As with miR-147, a function for NMES1 in the immune response is not presently known. NMES1 was first identified as a gene down-regulated in human esophageal squamous cell carcinoma, suggesting that it may act as a tumor suppressor  . Recently, suggestive of a role in the immune system, NMES1 was identified as a gene expressed highly in dendritic cells with an activated/effector phenotype, but not in ones with a regulatory/tolerogenic phenotype  . Consistent with the aforementioned result regarding NMES1 gene expression being modulated in cancer, miRNA profiling experiments have revealed miR-147 to be up-regulated in human gastric cancer cells  . Another recent study corroborated this proposed role for miR-147 as a tumor suppressor, as it was found to down-regulate expression of proteins in the EGFR/cell-cycle network, thereby inhibiting G1/S transition and proliferation of breast cancer cells  . These results were followed by others showing that expression of miR-147 could reverse epithelial-to-mesenchymal transition, and inhibit both colon and lung cancer cell proliferation  . Given the links between chronic inflammation and cancer, a persistence of IL-10 leading to a reduction of miR-147 (and NMES1) over a long period of time may act to promote oncogenesis. Likewise, miR-147 counter-regulation may play a role in the known effect of IL-10 in promoting B cell proliferation and lymphoma    .
In addition to ascertaining the physiological role miR-147 might play in the inflammatory response and/or in the IL-10-mediated anti-inflammatory response, future research should be aimed at determining the mechanism by which IL-10 inhibits LPS/TLR-induced miR-147 expression. For several decades there has been an active research focus on understanding how IL-10 selectively counter-regulates TLR-induced protein-encoding genes. Although the complete picture continues to be elucidated, IL-10 is known to act through multiple IL-10-induced gene products that work in specific ways to selectively inhibit pro-inflammatory gene expression at both transcriptional and post-transcriptional levels    . One might expect the mechanisms that IL-10 employs to counter-regulate miRNA induction to be comparably complex. This question has begun to be addressed with miR-155. First, the mechanism by which IL-10 inhibits TLR-induced miR-155 expression was shown to be mediated at the level of transcriptional inhibition  . This result was followed by work showing that IL-10 counter-regulates miR-155 by first down-regulating the expression of the Ets2 transcription factor, which is required for the LPS-induced transcription of miR-155  . Reminiscent of the complexities regarding how IL-10 counter-regulates protein-encoding genes, another group reported that IL-10’s inhibitory effect on TLR-induced miR-155 was mediated at a post-transcriptional level via destabilizing the pri-miR-155 and pre-miR-155 transcripts  . It is certainly possible that IL-10 is acting on miR-155 at multiple levels, as has been shown for the mechanisms by which IL-10 can inhibit cytokine and chemokine gene expression  -   . The regulation of the cytokine TNF is a good example, as IL-10 antagonizes induction of this gene at the levels of transcriptional repression, mRNA destabilization, and translational repression. It remains to be seen whether IL-10 is acting to inhibit miR-147 at a transcriptional and/or post-transcriptional level. Furthermore, it will be important to identify the IL-10-induced gene(s) responsible for suppressing miR-147, and for that matter, the gene(s) responsible for suppressing miR-155.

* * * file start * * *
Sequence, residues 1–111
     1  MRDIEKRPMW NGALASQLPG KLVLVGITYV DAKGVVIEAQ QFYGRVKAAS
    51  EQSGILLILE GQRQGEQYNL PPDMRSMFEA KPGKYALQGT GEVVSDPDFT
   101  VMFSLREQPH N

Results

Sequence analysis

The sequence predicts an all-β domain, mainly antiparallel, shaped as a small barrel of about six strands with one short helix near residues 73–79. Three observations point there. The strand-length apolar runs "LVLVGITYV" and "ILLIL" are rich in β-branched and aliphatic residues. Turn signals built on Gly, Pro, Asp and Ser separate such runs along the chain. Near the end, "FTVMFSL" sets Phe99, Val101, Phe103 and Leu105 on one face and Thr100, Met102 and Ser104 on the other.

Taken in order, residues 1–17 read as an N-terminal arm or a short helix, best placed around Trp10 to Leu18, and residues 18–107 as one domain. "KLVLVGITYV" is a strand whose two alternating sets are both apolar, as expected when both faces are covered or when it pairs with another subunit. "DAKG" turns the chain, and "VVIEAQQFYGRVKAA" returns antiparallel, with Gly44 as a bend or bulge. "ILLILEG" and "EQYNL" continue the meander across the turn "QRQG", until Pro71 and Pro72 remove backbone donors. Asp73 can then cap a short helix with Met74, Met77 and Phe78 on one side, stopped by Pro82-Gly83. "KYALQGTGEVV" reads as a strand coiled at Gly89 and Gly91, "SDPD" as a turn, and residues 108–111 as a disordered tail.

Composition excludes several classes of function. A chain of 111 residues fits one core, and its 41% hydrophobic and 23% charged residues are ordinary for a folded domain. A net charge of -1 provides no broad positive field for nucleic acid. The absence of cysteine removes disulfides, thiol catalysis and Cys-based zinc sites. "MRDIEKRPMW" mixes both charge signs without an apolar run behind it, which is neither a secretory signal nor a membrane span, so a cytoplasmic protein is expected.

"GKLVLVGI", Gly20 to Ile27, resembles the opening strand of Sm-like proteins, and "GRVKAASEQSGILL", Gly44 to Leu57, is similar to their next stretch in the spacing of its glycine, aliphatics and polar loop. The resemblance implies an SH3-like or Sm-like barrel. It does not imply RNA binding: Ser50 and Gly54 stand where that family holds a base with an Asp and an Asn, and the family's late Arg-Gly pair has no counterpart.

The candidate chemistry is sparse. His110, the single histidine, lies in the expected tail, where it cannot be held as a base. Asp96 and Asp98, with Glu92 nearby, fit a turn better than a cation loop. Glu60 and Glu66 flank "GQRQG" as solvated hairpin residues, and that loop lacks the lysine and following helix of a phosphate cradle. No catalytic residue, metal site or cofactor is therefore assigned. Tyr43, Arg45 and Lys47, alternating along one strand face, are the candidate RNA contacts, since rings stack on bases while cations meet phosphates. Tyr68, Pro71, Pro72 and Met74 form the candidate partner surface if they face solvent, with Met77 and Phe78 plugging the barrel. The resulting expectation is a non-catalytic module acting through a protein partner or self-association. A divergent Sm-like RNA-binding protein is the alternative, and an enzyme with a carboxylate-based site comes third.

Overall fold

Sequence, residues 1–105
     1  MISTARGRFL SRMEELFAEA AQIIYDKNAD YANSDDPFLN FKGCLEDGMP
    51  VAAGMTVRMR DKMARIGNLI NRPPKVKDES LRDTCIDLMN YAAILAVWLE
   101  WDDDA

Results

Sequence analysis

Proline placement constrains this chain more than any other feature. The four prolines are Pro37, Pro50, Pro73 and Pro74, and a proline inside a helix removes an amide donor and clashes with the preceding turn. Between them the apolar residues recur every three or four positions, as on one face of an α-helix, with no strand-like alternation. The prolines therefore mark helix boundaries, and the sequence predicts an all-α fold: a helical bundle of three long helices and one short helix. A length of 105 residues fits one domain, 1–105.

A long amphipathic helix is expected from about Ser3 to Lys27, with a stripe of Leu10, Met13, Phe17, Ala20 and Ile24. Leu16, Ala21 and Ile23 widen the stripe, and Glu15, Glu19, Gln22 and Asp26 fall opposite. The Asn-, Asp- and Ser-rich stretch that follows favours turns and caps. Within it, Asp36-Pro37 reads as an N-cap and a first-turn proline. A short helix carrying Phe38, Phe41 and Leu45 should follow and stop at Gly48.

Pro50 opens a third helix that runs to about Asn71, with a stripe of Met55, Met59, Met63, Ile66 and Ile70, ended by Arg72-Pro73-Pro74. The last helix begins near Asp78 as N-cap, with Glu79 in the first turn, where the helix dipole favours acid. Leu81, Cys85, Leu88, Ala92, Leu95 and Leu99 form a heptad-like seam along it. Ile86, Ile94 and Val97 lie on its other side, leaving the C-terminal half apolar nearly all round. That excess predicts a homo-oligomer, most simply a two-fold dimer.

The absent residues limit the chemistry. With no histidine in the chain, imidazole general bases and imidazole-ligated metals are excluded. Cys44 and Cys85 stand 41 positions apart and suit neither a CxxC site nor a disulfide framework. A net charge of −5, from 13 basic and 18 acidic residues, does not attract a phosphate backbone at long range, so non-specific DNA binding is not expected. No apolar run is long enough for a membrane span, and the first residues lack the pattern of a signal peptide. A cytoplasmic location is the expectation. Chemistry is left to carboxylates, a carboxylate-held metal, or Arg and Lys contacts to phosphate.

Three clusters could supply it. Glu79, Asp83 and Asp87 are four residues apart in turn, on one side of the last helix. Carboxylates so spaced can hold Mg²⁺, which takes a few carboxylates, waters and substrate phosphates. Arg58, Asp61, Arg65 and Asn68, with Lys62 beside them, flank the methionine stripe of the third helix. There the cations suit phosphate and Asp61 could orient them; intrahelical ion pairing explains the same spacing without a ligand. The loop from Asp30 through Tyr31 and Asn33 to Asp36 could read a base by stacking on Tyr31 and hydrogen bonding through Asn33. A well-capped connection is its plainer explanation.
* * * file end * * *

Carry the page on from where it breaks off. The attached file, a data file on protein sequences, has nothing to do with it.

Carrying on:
In conclusion, we have shown that miR-147 is an LPS/TLR-induced gene that is counter-regulated by IL-10 in mouse macrophages. Despite its being reported as an anti-inflammatory miRNA, its suppression by IL-10 suggests that it may play additional unidentified roles in promoting TLR responses and inflammation. A better mechanistic understanding of how IL-10 counter-regulates miR-147 may help to elucidate the physiological consequences to the inflammatory response if this regulatory mechanism is abrogated. For example, if mice could be engineered so that IL-10 was specifically unable to suppress miR-147, the effect of overproduction of this miRNA in response to TLRs could be examined to test for a promotion of inflammation and associated exacerbated pathology. Given the putative role this miRNA plays in cancer, such an animal model system could also be used to test whether chronic overproduction of miR-147 might promote oncogenesis in models of inflammation-induced cancer. Finally, as miR-147 is only the second miRNA known to be counter-regulated by IL-10, it will be important to extend this work by using whole miRNome-based array platforms to characterize the full extent to which miRNA genes are counter-regulated by IL-10.
We thank all of the members of the Weaver laboratory for helpful discussions in the design and execution of experiments, particularly, Srinivas Reddy Doma for technical assistance in the performance of the miRNA qPCR arrays. We also thank Courtney Coleman, John Steiert, and Paula Steiert for advice and critical reading of the manuscript. This work was supported by funds awarded by the Biology Department and the Graduate College of Missouri State University and the Missouri State University Foundation.